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kalip last won the day on April 9

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About kalip

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    Food Ideas and Healthy Recipes Moderator
  • Birthday 12/20/1954

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    Jogging, Reading, Surfing the Internet , Meditation and travelling.

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  • Personal Bio
    Suffered a heart attack in October 2001, Cardiologist prescribed, Aspirin, Simvastatin, and Coreg, all of which I am still using. Had two CYPHER® Sirolimus-eluting Coronary Stents inserted in my LAD artery in June 2004. Go jogging and walking on mornings from 5:00 am 5 days a week (Mondays to Fridays 8 km a day)
  1. Milk allergy Overview Milk allergy is an abnormal response by the body's immune system to milk and products containing milk. It's one of the most common food allergies in children. Cow's milk is the usual cause of milk allergy, but milk from sheep, goats, buffalo and other mammals also can cause a reaction. An allergic reaction usually occurs soon after you or your child consumes milk. Signs and symptoms of milk allergy range from mild to severe and can include wheezing, vomiting, hives and digestive problems. Milk allergy can also cause anaphylaxis — a severe, life-threatening
  2. Know Your Risk for Heart Disease Several health conditions, your lifestyle, and your age and family history can increase your risk for heart disease. These are called risk factors. About half of all Americans (47%) have at least 1 of 3 key risk factors for heart disease: high blood pressure, high cholesterol, and smoking. Some risk factors for heart disease cannot be controlled, such as your age or family history. But you can take steps to lower your risk by changing the factors you can control. What health conditions increase the risk of heart disease? High blood pressure.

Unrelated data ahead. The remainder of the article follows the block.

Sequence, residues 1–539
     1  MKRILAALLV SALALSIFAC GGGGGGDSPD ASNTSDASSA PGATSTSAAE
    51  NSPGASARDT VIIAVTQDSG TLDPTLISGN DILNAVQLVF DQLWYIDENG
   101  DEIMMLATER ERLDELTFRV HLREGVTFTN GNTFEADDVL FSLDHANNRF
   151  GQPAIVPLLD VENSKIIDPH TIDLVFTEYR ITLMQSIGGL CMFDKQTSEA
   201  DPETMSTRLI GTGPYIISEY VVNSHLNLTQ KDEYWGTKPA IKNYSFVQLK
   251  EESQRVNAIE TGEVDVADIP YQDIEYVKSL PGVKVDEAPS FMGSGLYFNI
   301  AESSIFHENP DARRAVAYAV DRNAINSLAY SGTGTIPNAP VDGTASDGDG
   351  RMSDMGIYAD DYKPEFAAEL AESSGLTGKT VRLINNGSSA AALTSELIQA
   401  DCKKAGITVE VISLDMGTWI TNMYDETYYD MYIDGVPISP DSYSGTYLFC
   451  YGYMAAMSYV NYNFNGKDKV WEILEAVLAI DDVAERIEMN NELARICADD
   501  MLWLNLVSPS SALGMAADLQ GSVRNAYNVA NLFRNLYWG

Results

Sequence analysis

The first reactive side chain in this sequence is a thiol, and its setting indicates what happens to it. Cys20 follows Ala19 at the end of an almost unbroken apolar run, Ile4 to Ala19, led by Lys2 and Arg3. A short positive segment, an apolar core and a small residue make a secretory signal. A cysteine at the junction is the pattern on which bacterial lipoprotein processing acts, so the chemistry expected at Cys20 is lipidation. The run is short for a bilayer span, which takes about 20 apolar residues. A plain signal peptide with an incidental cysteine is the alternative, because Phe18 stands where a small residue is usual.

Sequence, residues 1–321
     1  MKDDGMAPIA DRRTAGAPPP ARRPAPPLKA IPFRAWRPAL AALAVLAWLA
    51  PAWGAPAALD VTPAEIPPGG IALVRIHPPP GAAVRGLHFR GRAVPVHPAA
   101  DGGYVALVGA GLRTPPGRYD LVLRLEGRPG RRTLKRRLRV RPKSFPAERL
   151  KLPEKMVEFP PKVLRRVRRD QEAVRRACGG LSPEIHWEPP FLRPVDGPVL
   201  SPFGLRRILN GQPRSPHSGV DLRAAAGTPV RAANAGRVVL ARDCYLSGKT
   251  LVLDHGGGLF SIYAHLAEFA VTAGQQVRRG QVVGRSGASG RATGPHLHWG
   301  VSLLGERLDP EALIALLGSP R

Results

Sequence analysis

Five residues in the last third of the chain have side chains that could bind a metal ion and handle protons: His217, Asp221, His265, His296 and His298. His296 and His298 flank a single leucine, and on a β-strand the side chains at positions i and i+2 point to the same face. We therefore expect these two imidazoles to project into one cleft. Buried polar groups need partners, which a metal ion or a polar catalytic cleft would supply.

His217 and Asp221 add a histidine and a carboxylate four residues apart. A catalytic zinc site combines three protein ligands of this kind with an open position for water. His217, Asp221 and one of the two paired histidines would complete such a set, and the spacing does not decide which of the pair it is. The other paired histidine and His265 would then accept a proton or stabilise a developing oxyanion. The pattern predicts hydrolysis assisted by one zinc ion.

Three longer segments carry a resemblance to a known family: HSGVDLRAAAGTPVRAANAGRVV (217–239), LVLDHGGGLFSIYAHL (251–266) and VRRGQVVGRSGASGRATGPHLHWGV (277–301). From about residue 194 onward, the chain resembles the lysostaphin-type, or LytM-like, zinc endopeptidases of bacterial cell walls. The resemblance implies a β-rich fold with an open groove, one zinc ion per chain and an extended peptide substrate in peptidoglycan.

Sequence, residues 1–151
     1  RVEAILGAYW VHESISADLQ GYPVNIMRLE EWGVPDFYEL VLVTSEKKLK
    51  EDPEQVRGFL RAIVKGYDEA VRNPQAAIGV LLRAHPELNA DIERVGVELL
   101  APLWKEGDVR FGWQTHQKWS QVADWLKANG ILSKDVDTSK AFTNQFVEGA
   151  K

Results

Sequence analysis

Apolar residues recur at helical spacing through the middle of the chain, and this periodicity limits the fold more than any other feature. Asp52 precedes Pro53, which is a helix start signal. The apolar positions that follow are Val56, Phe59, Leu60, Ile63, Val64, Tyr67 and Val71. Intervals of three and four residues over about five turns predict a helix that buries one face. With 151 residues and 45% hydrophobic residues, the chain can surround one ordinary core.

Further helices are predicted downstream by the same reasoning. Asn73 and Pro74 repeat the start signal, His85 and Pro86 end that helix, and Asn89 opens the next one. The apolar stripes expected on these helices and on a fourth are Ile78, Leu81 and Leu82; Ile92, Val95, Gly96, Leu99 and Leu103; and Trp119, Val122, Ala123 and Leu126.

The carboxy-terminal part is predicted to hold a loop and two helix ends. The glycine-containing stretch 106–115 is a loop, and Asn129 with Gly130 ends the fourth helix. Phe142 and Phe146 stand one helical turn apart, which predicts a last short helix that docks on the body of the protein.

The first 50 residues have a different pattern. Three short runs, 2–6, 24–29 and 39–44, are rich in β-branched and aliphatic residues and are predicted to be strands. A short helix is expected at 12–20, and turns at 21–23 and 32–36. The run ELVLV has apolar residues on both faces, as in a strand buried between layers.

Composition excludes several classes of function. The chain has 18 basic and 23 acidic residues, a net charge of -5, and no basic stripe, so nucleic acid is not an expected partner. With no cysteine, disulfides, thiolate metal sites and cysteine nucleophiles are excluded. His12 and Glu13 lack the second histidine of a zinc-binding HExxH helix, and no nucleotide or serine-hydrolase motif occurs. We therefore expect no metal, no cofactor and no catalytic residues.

3. Depression and Heart Disease How Depression and Heart Disease Relate to Each Other Depression and heart disease are among the most disabling diseases we face. They are both very widespread among the general population and often occur simultaneously in the same individual. There is thought to be a two-way relationship between heart disease and depression: A percentage of people with no history of depression become depressed after a heart attack or after developing heart failure. And people with depression but no previously detected heart disease, seem to develop heart diseas
  4. Things No One Tells You About Ageing Lots of Know-How They’re called the golden years for a reason. Getting older has its perks. For one, you’re good at using what you’ve learned. This is called crystalized intelligence, and it keeps getting better, even when you’re 65 or 70. Mr. Nice Guy Turns out you might not be a grumpy old man (or woman), after all. You’ll probably get more agreeable as you age, at least through your 60s. You’re also likely to be happier and less inclined to get angry. Scientists haven’t figured out exactly why this happens, but they do have some theor
  5. Baked Coconut Rice Ingredients 1 tablespoon coconut oil 2 cups uncooked brown jasmine rice 1 teaspoon salt 400 grams can coconut milk 2 cups water ½ cup slivered fresh pineapple ¼ cup toasted coconut flakes ¼ cup toasted sliced almonds Preparation Preheat the oven to 190°C In a 4-litre ovenproof pot, melt the coconut oil over medium heat on the stovetop. Rinse and drain the rice in a mesh strainer and add it to the coconut oil. Brown the rice, stirring occasionally, for 5 minutes. Add the salt, coconut milk, and wate
  6. The article says a Week Insulin Injections named Basal Insulin Fc Trulicity (Dulaglutide) is not insulin So I don’t think that its Trulicity
  7. Coming Soon: Once-a-Week Insulin Injections? Daily insulin jabs can be the bane of existence for people who live with type 2 diabetes, but an investigational once-weekly insulin shot may be a game changer for these folks. While the research is still in its early stages, the new drug called basal insulin Fc (BIF) is given once a week and appears to be just as effective at controlling blood sugar (glucose) as insulin degludec, the gold standard once-a-day shot. The once-a-week shot is as safe as insulin degludec and may be better at reducing risk for dangerous low blood sugar (hyp